by Mark Kinkead-Weekes
Edition: Paperback

3.0 out of 5 stars The author defends Richardson against charges of being purile and creating a hypocrite in 'Pamela'. He fails to convince me., 24 May 2016
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This review is from: Samuel Richardson CB (Paperback)
Samuel Richardson’s reputation, for so long as bad as it could be among critics, has in recent decades had something of a revival. This is generally among literary scholars, as the length of his works is enough to put off all but the most geekish or courageous of readers (count me among the said geeks). These days, the subtlety of his characterisation, and the complex significance of his use of incident, are now discussed as avidly as once were the scorn and disgust aroused in readers by his self serving Puritanical morality.

Being typically awkward, I think this is a loss, because I fully agree with Coleridge’s conclusion about Richardson’s work:

‘I confess it has cost, and still costs, my philosophy some exertion not to be vexed that I must admire, aye, greatly admire, Richardson. His mind is so very vile, a mind so oozy, so hypocritical, praise mad, canting, envious, concupiscent.’

Richardson's writing has a compulsion which one feels has got little to do with literary value, or the creation of sympathetic characters, believable situations, or strong writing.

In fact, after ploughing through ‘Pamela’ 'Pamela in Her Exalted Condition',‘Clarissa’ and part of ‘The History of Sir Charles Grandison’ I can safely state that Richardson is devoted to purple prose.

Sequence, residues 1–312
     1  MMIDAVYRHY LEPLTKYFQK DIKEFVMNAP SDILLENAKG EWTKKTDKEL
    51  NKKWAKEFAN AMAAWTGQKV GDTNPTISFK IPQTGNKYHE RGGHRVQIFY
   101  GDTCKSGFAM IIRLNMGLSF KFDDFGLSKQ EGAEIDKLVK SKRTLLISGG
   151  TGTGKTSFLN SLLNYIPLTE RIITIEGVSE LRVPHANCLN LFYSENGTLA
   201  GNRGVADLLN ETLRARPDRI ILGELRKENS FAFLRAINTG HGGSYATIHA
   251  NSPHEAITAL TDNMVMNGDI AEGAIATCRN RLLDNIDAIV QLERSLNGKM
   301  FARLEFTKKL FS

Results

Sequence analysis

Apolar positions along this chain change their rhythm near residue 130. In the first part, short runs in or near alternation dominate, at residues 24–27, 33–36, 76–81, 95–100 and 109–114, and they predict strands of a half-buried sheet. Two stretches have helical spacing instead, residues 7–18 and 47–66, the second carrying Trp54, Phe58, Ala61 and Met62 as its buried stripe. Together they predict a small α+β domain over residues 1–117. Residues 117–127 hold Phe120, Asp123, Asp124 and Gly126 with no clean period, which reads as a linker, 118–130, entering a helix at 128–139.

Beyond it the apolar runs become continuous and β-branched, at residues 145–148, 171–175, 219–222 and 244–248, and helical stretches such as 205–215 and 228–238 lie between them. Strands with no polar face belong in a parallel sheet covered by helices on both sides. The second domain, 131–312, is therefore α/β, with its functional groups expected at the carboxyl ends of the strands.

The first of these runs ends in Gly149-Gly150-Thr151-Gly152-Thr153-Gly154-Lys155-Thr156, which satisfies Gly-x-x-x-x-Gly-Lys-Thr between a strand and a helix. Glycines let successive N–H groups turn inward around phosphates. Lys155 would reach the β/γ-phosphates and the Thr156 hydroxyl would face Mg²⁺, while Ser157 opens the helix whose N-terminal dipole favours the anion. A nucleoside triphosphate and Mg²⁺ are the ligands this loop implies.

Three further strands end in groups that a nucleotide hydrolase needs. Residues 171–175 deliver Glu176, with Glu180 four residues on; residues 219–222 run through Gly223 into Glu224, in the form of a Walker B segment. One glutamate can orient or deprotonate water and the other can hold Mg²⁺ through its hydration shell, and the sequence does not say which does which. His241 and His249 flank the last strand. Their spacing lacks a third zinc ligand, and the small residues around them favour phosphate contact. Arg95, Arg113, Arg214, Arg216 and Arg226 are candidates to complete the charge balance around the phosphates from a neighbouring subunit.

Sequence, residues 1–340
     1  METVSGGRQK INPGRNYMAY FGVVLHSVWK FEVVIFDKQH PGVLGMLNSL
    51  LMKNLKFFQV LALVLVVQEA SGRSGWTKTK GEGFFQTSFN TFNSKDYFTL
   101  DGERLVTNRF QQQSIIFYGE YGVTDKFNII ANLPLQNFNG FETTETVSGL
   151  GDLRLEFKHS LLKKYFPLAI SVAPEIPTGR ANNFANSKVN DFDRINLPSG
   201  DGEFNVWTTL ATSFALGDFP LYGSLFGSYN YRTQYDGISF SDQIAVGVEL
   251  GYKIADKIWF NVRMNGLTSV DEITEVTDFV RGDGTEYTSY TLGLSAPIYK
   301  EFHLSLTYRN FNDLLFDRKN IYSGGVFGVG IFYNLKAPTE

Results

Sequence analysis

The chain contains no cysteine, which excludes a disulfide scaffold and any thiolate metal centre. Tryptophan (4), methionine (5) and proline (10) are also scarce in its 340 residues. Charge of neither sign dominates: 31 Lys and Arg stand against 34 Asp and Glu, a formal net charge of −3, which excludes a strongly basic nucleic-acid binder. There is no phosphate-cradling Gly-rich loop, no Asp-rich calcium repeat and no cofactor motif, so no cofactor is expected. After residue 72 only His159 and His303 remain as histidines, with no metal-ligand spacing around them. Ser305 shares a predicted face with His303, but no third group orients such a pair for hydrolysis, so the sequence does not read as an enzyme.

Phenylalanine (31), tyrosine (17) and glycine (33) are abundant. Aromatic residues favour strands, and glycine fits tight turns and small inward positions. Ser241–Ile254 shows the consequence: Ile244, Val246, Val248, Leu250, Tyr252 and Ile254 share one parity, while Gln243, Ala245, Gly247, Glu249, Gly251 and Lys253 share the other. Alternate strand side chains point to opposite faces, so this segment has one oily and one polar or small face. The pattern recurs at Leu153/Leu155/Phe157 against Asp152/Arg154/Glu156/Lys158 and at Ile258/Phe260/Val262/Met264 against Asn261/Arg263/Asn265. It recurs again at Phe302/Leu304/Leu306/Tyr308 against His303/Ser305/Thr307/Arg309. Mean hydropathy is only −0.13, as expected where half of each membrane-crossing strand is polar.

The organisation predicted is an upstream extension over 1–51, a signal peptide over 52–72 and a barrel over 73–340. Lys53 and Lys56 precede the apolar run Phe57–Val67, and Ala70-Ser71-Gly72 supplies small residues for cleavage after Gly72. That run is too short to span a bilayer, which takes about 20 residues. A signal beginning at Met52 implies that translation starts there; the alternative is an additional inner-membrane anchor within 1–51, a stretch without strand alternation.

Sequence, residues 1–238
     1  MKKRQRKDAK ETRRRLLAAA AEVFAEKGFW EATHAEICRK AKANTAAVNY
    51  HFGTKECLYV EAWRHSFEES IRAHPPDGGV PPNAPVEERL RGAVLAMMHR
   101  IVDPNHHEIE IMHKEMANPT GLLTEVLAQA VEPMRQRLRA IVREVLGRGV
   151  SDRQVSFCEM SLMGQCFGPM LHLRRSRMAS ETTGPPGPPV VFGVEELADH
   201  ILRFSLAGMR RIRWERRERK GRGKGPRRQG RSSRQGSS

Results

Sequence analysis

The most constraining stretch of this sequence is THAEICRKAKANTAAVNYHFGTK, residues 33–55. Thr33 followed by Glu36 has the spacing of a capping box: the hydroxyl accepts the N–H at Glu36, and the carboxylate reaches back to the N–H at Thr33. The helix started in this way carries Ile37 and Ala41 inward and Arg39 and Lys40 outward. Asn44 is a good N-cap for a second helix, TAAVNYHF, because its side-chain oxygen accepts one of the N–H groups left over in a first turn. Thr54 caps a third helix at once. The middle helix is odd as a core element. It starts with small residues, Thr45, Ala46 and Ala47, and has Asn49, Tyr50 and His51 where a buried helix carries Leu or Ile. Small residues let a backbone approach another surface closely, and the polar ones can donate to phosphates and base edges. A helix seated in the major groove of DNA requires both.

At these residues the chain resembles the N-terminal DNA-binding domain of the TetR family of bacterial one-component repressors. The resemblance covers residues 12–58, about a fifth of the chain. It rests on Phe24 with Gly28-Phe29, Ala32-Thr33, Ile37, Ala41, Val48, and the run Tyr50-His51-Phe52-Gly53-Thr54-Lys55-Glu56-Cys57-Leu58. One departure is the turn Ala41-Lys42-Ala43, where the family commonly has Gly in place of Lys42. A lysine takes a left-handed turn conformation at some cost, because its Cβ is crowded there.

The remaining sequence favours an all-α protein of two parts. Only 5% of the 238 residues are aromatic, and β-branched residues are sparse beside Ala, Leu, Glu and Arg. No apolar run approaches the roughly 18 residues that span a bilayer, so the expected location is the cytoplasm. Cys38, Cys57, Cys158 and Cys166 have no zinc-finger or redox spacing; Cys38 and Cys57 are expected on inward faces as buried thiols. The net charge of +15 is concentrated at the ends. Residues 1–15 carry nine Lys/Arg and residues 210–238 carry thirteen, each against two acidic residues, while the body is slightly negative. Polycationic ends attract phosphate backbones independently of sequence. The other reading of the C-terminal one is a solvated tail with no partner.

Unfortunately, this may be why – with his favourite theme being that of female virtue besieged - in an age discovering ‘sensibility’, so many of his inner circle of toadying admirers and literary advisors were women. They wished to explore the ‘female sphere’ of the emotive that this male writer was prepared to take seriously in his writing, and in their enthusiasm for this they seem to have blinded themselves both to the inadequacies of his verbose, florid style and the dismal limitations of the sort of respect for women offered by his Puritan ideology.

It is intriguing that in their discussions, they often employed much the same arguments that are used today in defences on the literary value of the romance novel. In fact, current writers on the value of the romance novel take a stand against the ‘anti-Pamela-ists’ precisely because they define ‘Pamela’ as the first romantic novel.

Richardson wrote two hundred years before Freud’s discoveries of sexuality and the unconscious laid bare the source of his appeal, already hinted at by Henry Fielding and Eliza Heywood. In D H Lawrence’s words, he offered voyeuristic ‘Calico purity and underclothes excitement…Boccacio at his hottest seems to me less pornographic than ‘Pamela’ or ‘Clarissa’.

If this seems wonderfully biting, then the critic V S Pritchard in ‘The Living Novel’ goes further:

‘Prurient, and obsessed by sex, the prim Richardson creeps on tiptoe nearer and nearer, inch by inch…he beckons us on, pausing to make every sort of pious protestation, and then nearer and nearer he creeps again…’